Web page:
Outlook Business Interviews Mohnish Pabrai
What prompted you to get into investing? You were a techie and then you had your own business before you became an investor.
I was an entrepreneur and I really enjoyed running my business. What happens is that as an entrepreneur perhaps 3-5% of your time goes in figuring out your strategy and direction and what you want to do; 90-95% of your time goes in the heavy lifting of your execution, getting after people and motivating them, and getting all your structures in place. I definitely enjoyed the 5% more than the 95% — getting things right in terms of direction is much more interesting. When I first encountered investing and Warren Buffett, it was as if in investing, that 5% increased to 80%. That is what I enjoy so much about investing.
Buffett says, “I am a better investor because I am a businessman and I am a better businessman because I am a better investor.” You need the same skills in investing as when you are an entrepreneur. The good news in investing is there are no HR problems. If there are no humans, there are no problems! And, you get massive leverage on your time, on your thoughts. Your brain cells can effectively be leveraged almost infinitely, almost as if I have huge amounts of capital. People want to pay for thoughts and I can give them some thoughts.
Despite starting off as a techie, you haven’t invested in technology at all. Why is that?
I don’t invest in technology stocks because I understand it. Basically, Buffett would say that he doesn’t invest in tech businesses because they are subject to change. Industries with rapid change are the enemy of the investor. Tech businesses, particularly biotech, is a problem from that point of view. All industries work with change but you should ideally be investing in businesses with a low rate of change, not a high rate of change.
What lessons did you learn as an entrepreneur and by spending time with your father?
I think the human brain goes through two periods of very rapid change: the first, in the first five years of life and the other is during teenage. There are scientific studies that have proven that the experiences you have during your teenage have a lasting impact on you. Luckily for me, this was a period of great learning. I was lucky that my father ran a whole bunch of businesses, started, grew and bankrupted them. Many of these businesses were very highly leveraged. My father was always optimistic and he was maximising leverage on the businesses. But they would blow up because there was no stability in them. From the age of 12 or 13, my brother and I were like the board of directors. He and I would sit down, looking at details of cash flows, trying to figure out how to get past the next day, just one day, every single day. On many occasions when my father travelled, my brother and I actually ran the company. Sometimes we dealt with the staff. I didn’t realise it then, but when I started to work and talked to a lot of people, I realised that I had finished many MBAs before the age of 18. So that period with my dad helped me crack business models much faster than others of my age who were much smarter than me. I was lucky in that regard. That experience was also useful in starting my own business and it is extremely useful now in what I do.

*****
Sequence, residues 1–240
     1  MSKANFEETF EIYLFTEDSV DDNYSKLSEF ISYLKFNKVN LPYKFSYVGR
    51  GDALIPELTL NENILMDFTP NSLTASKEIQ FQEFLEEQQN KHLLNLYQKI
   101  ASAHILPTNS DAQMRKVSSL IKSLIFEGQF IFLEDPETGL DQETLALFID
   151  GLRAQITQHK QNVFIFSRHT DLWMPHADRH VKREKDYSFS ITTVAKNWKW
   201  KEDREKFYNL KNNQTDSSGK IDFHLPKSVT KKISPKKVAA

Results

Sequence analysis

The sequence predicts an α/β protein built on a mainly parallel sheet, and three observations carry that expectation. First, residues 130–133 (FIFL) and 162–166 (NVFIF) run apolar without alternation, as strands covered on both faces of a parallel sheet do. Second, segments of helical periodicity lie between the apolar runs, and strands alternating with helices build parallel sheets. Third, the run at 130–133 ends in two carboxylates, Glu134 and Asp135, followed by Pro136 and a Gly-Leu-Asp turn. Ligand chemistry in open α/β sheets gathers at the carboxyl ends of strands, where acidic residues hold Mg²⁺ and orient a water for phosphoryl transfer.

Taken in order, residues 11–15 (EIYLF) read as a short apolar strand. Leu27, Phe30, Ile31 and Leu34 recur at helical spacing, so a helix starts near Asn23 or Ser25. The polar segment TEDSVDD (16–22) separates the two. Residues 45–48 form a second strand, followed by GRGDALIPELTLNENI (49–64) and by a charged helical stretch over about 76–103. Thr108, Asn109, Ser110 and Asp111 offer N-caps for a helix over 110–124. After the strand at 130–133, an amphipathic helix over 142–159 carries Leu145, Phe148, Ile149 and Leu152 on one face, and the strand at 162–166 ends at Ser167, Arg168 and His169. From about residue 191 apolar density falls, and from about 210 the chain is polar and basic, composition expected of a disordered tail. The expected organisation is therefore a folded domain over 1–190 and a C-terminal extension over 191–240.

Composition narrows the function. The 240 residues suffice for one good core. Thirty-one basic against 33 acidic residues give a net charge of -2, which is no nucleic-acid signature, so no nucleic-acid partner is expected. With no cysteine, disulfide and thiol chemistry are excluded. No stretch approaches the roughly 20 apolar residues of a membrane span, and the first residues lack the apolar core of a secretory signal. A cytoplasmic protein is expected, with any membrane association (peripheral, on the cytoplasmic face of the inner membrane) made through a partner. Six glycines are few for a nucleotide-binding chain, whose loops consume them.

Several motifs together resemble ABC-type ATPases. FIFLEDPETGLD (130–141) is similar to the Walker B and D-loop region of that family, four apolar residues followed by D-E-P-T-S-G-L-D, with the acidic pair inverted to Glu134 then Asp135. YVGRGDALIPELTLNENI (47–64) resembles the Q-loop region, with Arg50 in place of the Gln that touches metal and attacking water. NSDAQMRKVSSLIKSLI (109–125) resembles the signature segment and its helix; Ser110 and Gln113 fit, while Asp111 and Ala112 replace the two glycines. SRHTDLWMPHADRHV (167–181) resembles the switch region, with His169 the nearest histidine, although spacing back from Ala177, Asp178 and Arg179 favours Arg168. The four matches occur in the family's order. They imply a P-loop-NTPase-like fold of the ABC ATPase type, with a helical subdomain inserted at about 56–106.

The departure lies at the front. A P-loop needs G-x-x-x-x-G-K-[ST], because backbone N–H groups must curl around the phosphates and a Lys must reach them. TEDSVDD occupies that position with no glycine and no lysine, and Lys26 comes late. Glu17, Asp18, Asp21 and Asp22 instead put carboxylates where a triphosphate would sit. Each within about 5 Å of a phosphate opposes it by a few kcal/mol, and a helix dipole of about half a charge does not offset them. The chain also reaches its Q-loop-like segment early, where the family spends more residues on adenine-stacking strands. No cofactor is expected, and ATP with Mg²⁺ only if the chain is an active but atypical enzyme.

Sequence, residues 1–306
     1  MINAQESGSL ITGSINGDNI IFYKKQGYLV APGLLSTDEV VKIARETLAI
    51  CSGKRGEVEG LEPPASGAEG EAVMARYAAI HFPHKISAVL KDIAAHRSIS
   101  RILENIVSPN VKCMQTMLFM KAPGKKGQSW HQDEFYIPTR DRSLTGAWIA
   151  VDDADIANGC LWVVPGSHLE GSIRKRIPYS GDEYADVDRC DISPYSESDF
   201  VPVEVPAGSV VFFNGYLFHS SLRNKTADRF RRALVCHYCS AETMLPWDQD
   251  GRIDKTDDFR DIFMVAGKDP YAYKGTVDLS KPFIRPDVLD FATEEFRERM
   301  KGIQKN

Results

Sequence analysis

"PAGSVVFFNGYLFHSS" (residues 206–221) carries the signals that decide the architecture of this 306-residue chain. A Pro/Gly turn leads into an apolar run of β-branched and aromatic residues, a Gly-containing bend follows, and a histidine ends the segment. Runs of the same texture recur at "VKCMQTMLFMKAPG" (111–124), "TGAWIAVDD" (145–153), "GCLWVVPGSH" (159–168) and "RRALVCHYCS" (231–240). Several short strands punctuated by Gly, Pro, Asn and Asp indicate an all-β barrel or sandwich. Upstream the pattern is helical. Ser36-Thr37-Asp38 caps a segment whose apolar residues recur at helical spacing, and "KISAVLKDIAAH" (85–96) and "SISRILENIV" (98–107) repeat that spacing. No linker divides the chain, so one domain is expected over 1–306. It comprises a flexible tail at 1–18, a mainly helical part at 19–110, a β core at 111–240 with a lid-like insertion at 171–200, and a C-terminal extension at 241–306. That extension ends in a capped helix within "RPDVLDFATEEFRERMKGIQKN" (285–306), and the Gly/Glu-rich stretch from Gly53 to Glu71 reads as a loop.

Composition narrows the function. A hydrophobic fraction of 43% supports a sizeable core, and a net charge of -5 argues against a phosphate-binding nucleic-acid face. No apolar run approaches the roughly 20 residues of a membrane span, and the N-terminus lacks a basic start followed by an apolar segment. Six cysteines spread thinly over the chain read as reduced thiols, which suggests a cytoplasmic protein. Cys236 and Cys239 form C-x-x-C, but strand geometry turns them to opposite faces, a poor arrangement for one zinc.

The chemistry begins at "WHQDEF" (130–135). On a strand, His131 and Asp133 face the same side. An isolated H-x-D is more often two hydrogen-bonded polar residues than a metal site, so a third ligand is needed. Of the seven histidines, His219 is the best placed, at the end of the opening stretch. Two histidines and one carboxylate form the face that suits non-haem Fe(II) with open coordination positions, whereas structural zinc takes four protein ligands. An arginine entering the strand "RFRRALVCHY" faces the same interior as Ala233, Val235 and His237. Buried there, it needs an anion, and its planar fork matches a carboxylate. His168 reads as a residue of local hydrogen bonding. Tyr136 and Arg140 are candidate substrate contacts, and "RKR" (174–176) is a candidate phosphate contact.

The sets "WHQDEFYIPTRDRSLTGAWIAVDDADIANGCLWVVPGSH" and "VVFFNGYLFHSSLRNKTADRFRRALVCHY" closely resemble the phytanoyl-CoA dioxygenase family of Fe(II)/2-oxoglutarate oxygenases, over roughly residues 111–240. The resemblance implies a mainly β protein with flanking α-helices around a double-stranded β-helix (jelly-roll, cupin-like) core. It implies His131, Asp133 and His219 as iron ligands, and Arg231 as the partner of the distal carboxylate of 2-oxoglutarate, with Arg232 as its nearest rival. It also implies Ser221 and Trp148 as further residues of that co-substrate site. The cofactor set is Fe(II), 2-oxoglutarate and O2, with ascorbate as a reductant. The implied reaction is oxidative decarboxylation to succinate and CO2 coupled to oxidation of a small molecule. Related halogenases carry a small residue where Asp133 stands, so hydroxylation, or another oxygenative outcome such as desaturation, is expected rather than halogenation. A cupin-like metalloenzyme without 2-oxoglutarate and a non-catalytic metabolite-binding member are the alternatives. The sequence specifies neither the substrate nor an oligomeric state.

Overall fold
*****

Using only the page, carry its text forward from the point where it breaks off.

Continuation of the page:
What are the investing mistakes that you have made and what did you learn from them?
Mistakes are the best teachers. One does not learn from success. It is desirable to learn vicariously from other people’s failures, but it gets much more firmly seared in when they are your own. I can give you a couple of examples of permanent losses of capital and my critical learning from those mistakes. One is Sears Holdings. I made this investment because the vast real estate and brand assets of this company are worth multiples of the stock price. But I learnt that those are virtually impossible to monetise because one would need to liquidate the business and lay off tens of thousands of workers. That is gut-wrenching and highly unlikely. Another one is Pinnacle Airlines.
It’s surprising you invested in an airline, considering that Buffett has labeled it as a bad business.
I have a 1-800 helpline to call any time I have an urge to buy an airline stock! I made sure to dial that helpline before deciding to put money into Kingfisher! As you can see Mr Vijay “Branson” is having his share of trouble with airlines and the UB group is being auctioned off piece by piece. Jokes apart, it is a lesson learnt properly.
The reason I bought Pinnacle was that it wasn’t an airline in the traditional sense like Kingfisher or British Airways. Traditional airlines are a losing proposition because of various structural issues — your pricing is set by your dumbest competitor, your costs are subject to a duopoly of airplane manufacturers, a duopoly of engine manufacturers, and a duopoly of maintenance guys and all of them can get whatever they want from you. On top of it, your entire workforce is unionised on every front. You don’t have any leeway to control cost.
Continue reading the interview here.